I forget whether it was explained on the show (it's about 5 years since I rewatched the series) but I know one of the spin-off novels explicitly stated that, because Ziggy is grown from neural cells taken from both Sam and Al (which is also what enables Al to serve as Observer), Ziggy is aware of the changes in history around her, and while Al's in the Imaging Chamber, he's isolated from time changes too - so whenever he comes off shift, Ziggy briefs him on who he's currently dating and any other shifts in interpersonal relations among the project staff that he should be aware of.

For a show strongly linked to Bellisario's Maxim ("Don't examine this too closely"), Quantum Leap does surprisingly well at maintaining philosophical consistency (even if the physics is a bit caca). Under their model, time can be changed, but the time-traveler, existing in the new timeline before the change, isn't affected, though his original time will be - and anything linked with the time-traveler across time is also protected - Ziggy, Al when inside the Imaging Chamber, and, presumably, the Leapee. Though there was that one episode where, once young Al's chances of survival dropped to 0, Al got replaced as Observer in mid sentence, and didn't reappear until Sam changed history far enough to give him a chance of survival after all...

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cephalopod9
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Re: Fleeting Thoughts: Movie and TV Shows

Postby cephalopod9 » Wed Apr 04, 2018 10:14 am UTC

Soupspoon wrote:Stupidest part of BttF. Rest of it "makes sense", but a time traveller inserted into their own (pre)history should either exist (where they land) or not exist (because they never came back in this branch). Fading away, as a handy guage at how much you're failing to still exist (yet still giving enough existence to decide to do something that will 'unfade' you).

I have to disagree you there,
the dumbest part of Back to the Future is claiming no one can predict a lightning strike.
Soupspoon wrote:Future-changes back at HQ, as observed, can be explained by the camera crossing between original and (perhaps several) subsequent interfered-with timelines, to witness what branch of the future is currently active given the actions of the traveller. Unless people notice them happening.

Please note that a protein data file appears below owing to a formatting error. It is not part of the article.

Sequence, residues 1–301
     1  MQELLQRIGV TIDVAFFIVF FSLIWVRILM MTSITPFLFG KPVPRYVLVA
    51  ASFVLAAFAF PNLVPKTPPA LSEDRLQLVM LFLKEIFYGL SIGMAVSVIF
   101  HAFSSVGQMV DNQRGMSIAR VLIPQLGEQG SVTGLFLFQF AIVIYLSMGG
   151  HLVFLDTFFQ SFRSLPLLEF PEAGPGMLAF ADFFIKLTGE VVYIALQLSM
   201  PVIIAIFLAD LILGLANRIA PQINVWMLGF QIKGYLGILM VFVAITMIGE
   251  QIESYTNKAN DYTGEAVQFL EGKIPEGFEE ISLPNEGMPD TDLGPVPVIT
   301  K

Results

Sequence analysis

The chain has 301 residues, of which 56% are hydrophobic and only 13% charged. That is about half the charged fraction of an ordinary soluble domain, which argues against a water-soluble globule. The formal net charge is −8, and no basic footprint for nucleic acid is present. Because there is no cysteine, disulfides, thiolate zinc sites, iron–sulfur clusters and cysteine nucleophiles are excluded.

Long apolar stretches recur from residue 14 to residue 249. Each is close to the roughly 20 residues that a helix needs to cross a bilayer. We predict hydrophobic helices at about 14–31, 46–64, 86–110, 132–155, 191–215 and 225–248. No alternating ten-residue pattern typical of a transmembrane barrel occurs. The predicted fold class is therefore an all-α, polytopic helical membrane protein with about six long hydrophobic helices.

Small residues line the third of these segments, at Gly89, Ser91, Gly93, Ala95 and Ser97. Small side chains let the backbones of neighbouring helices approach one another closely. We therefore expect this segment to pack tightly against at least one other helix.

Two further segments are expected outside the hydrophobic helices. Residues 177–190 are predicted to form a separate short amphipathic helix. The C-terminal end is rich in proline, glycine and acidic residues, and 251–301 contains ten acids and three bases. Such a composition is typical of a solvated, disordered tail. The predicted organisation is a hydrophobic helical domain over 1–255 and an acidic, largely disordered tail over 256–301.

the audience as subject to the influences of time shifts is a real wild idea.
Applying a strict logic memories, even those of the time traveler, shouldn't be exempt from changes to the time line. That's a lot to think through, and including the audience in that framework is even more ambitious.
... it's weird that I can't think of any terminology that specifies when a show has content that is dreamed or imagined by a character. That kind of seems significant, like the difference between 1st and 3rd person narrative in text.

Anthology movies should be more of a thing. There was some buzz going around about a potential Lord of the Rings streaming/tv series, and while tv/streaming adaptations have been incomprehensibly good in places, I'd so much rather have a Middle Earth anthology with a bunch of 3 to 20 minute clips from a bunch of directors of whatever they think is interesting.


aw dang it, I was the last one to post here and i feel obligated to edit and not double post.

anyway, i'm gettin' over a flu bug and have some low-grade rebound insomnia, and
I'm stuck thinking about this small segment on Last Week Tonight which featured a sort of viral clip of an Info Wars hack trying to get a reaction from a young woman wearing an anime school girl outfit, but John Oliver calls her basically "sassy Pop-eye". It's just real weird to me that was the immediate point of reference. Does John Oliver not know it's an anime thing? Does Last Week Tonight assume it's audience won't appreciate references to anime?
It's also just real weird that Japanese school uniforms were modeled after British naval uniforms, and that action cartoons have popularized that among American nerd people.
I can't come up with a better punchline, but Donald Duck's sailor suit is closer to the anime costume than what Pop-eye wears.
What reads as "a sailor suit"?